Who was the Somerton Man? DNA researchers name man in Australia cold case - Carl Webb mystery explained

After 74 years, researchers at the University of Adelaide believe they have solved the mystery

Researchers at the University of Adelaide believe they have finally solved the mystery of the Somerton Man.

The man was found dressed in a suit and lying against a wall on Somerton beach near Adelaide, Australia, in 1948.

The mysterious story has plagued investigators for nearly a century, with no one ever coming forward to identify the body.

Rumours that he may have been a Russian spy circulated, with the press dubbing him the “Somerton Man”.

Here is everything you need to know about who the Somerton Man really is.

The body of the Somerton Man was found on Somerton Beach in 1948 (Pic: Getty Images)

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What was the Somerton Man mystery?

On 1 December, 1948 the body of a man was found on Somerton Beach in Adelaide.

The man wasn’t carrying identification and had unused train tickets in his pockets.

There was no known cause of death and all of the labels of his clothes had been removed, preventing police from finding out where they were bought.

The story made headlines all around the world, with copies of his fingerprints and photograph sent to the UK and USA.

In the months that followed a pathologist found a secret pocket in the man’s jacket.

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Inside it was a folded up piece of paper containing the words “Tamam Shud” which means “the end” or “finished” in Persian.

Further investigation discovered they are the last words of the poem “The Rubaiyat” by 11th century Iranian polymath Omar Khayyam.

The page had been torn from a book, which was eventually handed into police after an unknown man had found it in his car.

No one ever came forward to claim the man’s body, with rumours circulating that he may have been a Russian spy.

Who was the Somerton Man?

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The Somerton man has been identified as 43-year-old Carl “Charles” Webb.

The youngest of six siblings, Webb was born on November 16, 1905 in a suburb of Melbourne.

The engineer had a passion for poetry and was described as a “bit of a loner”.

Records show that Webb and his wife had divorced, with her returning to south Australia in 1947.

Other than that, not much is known about Webb, with the mystery of why no one claimed his body still unsolved.

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How did they solve the Somerton Man mystery?

Professor Derek Abbott from the University of Adelaide has claimed to have identified the Somerton Man as Carl “Charles” Webb, a 43-year-old engineer from Melbourne who enjoyed writing poetry and was described as “a bit of a loner.”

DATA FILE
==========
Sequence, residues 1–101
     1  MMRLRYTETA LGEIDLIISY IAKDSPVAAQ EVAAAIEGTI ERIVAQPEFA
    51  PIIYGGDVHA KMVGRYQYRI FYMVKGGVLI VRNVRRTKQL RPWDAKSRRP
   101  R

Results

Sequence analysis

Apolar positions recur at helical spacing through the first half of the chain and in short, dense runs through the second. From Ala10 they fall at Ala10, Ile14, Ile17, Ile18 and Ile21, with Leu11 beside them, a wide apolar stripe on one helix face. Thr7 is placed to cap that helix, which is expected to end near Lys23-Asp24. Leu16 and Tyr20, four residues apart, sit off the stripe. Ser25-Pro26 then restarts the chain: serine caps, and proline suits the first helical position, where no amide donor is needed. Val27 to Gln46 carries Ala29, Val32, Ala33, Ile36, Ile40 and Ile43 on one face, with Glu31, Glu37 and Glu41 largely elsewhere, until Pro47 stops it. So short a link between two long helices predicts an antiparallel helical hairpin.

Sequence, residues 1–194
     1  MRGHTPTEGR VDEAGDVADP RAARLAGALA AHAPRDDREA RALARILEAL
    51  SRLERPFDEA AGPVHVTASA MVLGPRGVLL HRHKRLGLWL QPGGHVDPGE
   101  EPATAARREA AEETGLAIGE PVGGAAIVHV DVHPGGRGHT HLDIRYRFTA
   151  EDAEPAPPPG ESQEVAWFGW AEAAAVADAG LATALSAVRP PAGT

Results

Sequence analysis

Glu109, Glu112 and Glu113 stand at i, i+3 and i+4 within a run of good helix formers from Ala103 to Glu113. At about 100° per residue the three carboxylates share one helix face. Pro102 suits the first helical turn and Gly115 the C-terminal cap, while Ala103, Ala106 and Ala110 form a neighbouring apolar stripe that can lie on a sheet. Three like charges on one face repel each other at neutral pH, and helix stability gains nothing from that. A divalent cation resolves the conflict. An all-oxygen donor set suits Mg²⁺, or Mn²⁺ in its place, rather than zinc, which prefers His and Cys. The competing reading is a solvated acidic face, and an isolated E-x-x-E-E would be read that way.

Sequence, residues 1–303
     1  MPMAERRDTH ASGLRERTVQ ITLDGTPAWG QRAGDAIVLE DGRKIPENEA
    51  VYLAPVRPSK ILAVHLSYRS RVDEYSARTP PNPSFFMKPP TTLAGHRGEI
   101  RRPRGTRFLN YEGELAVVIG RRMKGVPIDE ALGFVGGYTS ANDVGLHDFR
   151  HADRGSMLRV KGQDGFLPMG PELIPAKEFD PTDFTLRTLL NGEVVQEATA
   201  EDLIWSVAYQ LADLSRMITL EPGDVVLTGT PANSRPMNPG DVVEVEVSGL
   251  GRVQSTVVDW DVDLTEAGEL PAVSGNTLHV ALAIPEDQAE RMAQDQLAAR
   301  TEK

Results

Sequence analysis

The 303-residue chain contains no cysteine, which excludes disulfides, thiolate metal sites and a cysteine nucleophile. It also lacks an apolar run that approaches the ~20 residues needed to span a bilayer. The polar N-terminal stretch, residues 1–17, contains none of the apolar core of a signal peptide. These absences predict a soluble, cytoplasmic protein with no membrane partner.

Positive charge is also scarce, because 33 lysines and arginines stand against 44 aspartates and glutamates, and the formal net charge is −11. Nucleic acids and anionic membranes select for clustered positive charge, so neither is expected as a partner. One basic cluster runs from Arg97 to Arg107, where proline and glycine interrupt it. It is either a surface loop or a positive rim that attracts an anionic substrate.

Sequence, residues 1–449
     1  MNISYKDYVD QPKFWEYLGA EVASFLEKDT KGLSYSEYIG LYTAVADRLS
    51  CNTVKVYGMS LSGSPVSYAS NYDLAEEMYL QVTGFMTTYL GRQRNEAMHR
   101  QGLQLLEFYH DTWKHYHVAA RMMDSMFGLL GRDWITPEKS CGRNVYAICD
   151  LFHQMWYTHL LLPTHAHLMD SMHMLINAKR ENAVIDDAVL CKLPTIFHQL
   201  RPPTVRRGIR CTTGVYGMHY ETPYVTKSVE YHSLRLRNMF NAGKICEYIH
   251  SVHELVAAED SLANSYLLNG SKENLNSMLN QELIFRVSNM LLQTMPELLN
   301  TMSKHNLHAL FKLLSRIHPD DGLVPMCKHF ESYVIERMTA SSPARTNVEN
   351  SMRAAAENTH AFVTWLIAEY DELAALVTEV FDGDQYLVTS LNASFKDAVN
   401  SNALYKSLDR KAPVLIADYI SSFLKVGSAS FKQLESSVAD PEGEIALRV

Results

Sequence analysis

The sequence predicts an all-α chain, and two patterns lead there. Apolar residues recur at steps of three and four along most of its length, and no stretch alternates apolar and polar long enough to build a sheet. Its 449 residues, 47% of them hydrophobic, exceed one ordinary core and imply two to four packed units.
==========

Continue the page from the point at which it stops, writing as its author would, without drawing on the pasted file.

The discovery was made with help from American genealogist Colleen Fitzpatrick.

The researchers used DNA evidence from hairs caught in the plaster cast made of the man’s face to see if they could make up a DNA profile.

Together they were able to recreate a family tree made up of 4,000 relatives.

Speaking to CNN Abbot said: “By filling out this tree, we managed to find a first cousin three times removed on his mother’s side,”

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Fitzpatrick added: “It’s like one of these folklore mysteries that everybody wants to solve and we did it.”

Speaking to the Guardian Abbot said: “The most important thing is that the DNA taken from the hair caught in the plaster cast of Somerton man matches with distant cousins of Carl “Charles” Webb on both maternal and paternal sides of the family.”

Webb, who was divorced at the time, would not have been a stranger in south Australia as that is where his former wife lived.

Despite rumours that the Somerton man was a Russian spy, Abbott explains their findings actually match what police suspected at the time.

The Somerton man had unused train tickers in his pockets and had left his suitcase at train station.

When police searched his belongings they found items of clothing named “T. Keane”.

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Abbott explains Webb’s brother-in-law was called Thomas Keane, adding “It seems logical that he got his hand-me-downs from his brother-in-law.”

Despite the findings from DNA researchers, the South Australian police have said the case is “not yet complete.”

In a statement they said: “SAPOL and Forensic Science SA are undertaking DNA work on the remains of Somerton man. This work is not yet complete.

“Once that work is complete a brief will be submitted to the state coroner.”